kate5kiwis: five and a half hours with fifteen five year olds = one nana nap at three thirty.


“If you were all alone in the universe with no one to talk to, no one with which to share the beauty of the stars, to laugh with, to touch, what would be your purpose in life? It is other life, it is love, which gives your life meaning. This is harmony. We must discover the joy of each other, the joy of challenge, the joy of growth.” — Mitsugi Saotome

Wednesday, December 02, 2009

five and a half hours with fifteen five year olds = one nana nap at three thirty.

so i hung out with five year olds today. and i think i might have contracted nits. and it was so completely fabulous but so time warpy weird. cos of course i kept comparing it with homeskooling. like, i am so used to a skool day that looks like walking around the supermarket and pass me the pink pegs and the square box that starts with an S and who can find me the cheapest flour and now you're big let's split the shopping list and you can fill up your trolley and i'll race ya to fill up mine, and oh lookit we're home, so please can ya read a story with so-and-so and then let's make muffins and oops i can't find the cup measure so how many half cups makes two whole cups? and all that organic talk as ya go stuff.

but in the classroom... in the classroom... i forgot that ya have to manufacture all that. so i am having a bit of a conveyor belt reaction. cos of course the kids are so incredibly beautiful. it's just that some of them don't have mummies talking to them all the way around the supermarket. so the classroom is all hoops and jumping and numeracy and literacy and lists of box-tickness. spells h-e-a-r-t p-a-l-p-i-t-a-t-i-o-n. and also spells they're-all-on-the-same-page and could-someone-please-hoop-jump-them-twice-a-year-for-National-Standards.

didn't think i'd get this reacty. thought i'd just throw paint around. really not sure about career prospects then.


Blogger Sarah said...

You know, I think about this kind of thing. I taught public school, and yet I so hated it for my sister-in-law (15) when she lived with us. That surprised me.

But you'll do great, I'm sure. In my experience, all new jobs have a 3 wk - 3 month honeymoon followed by a crash, followed by the "Oh. I can so do this!" phase. You'll get there. :)

7:29 AM  
Blogger Steve said...

It's early days yet - all new and awkwardy and a bit sharp around the edges. I agree with Sarah above... give it a few more weeks once the role has moulded a little more around you and you may be surprised at your own superbness...!

7:51 AM  
Blogger oacemama said...

Oh I SOOOOOO get where you are at. I feel like I would either get dumbed down or I'd go insane back in the classroom fulltime.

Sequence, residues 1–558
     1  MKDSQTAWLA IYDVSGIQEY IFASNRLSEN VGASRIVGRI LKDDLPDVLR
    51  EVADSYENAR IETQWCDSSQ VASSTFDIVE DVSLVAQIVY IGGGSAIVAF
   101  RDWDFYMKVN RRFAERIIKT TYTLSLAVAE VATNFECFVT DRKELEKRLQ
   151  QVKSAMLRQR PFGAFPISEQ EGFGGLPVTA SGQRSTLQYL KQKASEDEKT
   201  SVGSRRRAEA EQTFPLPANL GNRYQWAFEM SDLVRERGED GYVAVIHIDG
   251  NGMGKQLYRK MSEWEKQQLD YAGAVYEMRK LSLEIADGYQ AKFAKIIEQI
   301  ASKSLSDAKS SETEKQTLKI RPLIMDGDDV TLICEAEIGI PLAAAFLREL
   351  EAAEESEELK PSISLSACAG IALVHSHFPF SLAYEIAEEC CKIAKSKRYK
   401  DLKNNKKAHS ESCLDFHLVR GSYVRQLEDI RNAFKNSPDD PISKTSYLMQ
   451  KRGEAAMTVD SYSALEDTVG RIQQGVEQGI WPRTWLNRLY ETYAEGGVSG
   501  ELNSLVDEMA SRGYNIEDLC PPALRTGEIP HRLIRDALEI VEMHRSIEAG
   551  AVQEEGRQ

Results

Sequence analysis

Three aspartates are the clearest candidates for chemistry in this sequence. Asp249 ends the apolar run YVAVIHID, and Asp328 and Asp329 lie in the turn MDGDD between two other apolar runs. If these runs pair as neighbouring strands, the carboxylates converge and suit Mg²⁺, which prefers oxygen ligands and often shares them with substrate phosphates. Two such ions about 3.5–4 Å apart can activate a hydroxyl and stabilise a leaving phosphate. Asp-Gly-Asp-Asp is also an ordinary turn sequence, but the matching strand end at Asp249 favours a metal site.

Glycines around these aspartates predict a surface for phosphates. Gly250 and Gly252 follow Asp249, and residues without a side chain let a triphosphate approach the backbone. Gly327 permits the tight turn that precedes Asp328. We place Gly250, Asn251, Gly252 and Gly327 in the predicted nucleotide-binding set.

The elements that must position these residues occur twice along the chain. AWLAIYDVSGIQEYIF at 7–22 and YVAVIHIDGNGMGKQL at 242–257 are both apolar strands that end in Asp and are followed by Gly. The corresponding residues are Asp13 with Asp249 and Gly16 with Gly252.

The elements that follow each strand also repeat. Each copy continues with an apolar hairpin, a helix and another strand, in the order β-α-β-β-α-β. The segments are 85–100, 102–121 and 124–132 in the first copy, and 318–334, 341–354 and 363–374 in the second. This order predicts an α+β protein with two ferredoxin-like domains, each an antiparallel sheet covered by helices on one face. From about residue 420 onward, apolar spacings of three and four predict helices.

Thinking relieving cos one can pretty much do what you want as long as you leave the classroom tidy when you go and don't mess up the reading books eh?

Otherwise take another year to study and do some practical art/art history papers and find yourself an art teacher's job.

OR do your ECE crossover training and then hangout with the little tiddlers painting and playdoughing and writing learning stories.

OR how about we start our own hanging out at the supermarket school and charge elevntybillion dollars each for people to send their kiddoes to our exclusive organic learning centre?

3:48 PM  
Blogger Little Miss Flossy said...

And remember that no matter how good a friend she is, someone else's classroom can never be your classroom. When you have your own space and your own kids, it's a totally different game.

You can jump through the hoops in a couple of weeks ( didn't I just do it for ERO and really, it's only formalising on paper what I already do in real life) which leaves another 38 to do it your way, in your contexts and in your time - or their time if you want to. I have 16-20 kids in my classes every hour of every day on 'individualised plans' and we make it work. You find ways, if it's really your passion (and I know it is) you'll make it work for you and for them.

And you know better than anyone that integrated learning is the way of the future and most of us are still catching up to where you are already at.

There will be a school and a classroom and a bunch of kids that are a perfect fit for you. xxx

4:39 PM  
Blogger Ruta M. said...

Just be thankful that you're not teaching in the UK. 30 kids in the class, strict curriculum objectives and constant assessing and recording pupil progress to fill in stupid government forms and meet targets. OFSTED inspectors able to descend with 2 days notice to make sure that you are jumping through all the hoops and that the school is making more progress than last time. It's bloody hard work trying to sneak creative activities in while pretending to tick all the boxes.

10:35 AM  
Blogger Hay said...

Set the hoops on fire. If nothing else it will liven things up ;)

8:07 PM  

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